You may not be an Apple developer, but that doesn’t mean you aren’t familiar with section 3.2.2 of their developer agreement. The controversial section is the sharp end of the legal stick that prevents third-party “interpreted code” from being used in applications that will be sold in the App Store. Apple has again tweaked section 3.2.2 of the agreement, adding in a loophole which will allow them to approve certain interpretive code tools. The old section 3.2.2 read like this:
No interpreted code may be downloaded or used in an Application except for code that is interpreted and run by Apple’s Documented APIs and built-in interpreter(s).
While the updated version looks like this:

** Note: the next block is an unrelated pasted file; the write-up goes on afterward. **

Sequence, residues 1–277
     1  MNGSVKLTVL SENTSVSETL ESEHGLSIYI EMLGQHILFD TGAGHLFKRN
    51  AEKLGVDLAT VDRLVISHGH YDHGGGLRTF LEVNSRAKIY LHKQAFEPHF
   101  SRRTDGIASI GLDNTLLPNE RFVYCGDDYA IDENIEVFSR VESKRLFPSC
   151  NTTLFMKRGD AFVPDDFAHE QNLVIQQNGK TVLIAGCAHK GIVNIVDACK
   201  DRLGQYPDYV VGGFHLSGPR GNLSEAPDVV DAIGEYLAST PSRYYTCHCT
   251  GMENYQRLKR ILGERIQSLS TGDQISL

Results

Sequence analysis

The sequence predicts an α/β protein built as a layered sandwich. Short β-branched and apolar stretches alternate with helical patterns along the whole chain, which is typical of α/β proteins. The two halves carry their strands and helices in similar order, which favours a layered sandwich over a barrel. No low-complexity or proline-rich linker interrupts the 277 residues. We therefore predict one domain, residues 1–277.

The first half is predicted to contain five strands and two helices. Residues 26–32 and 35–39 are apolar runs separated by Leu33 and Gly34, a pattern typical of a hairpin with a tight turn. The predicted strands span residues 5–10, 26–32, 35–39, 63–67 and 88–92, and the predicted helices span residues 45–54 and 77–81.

Unless otherwise approved by Apple in writing, no interpreted code may be downloaded or used in an Application except for code that is interpreted and run by Apple’s Documented APIs and built-in interpreter(s). Notwithstanding the foregoing, with Apple’s prior written consent, an Application may use embedded interpreted code in a limited way if such use is solely for providing minor features or functionality that are consistent with the intended and advertised purpose of the Application.
As Apple Outsider points out, the new verbiage provides wiggle room for interpretive code engines such as Lua — used by game developers — while preserving Apple’s ability to shutter other platforms it deems unworthy *cough*Flash*cough*. Any Apple developers out there? We’re interested to know what you think.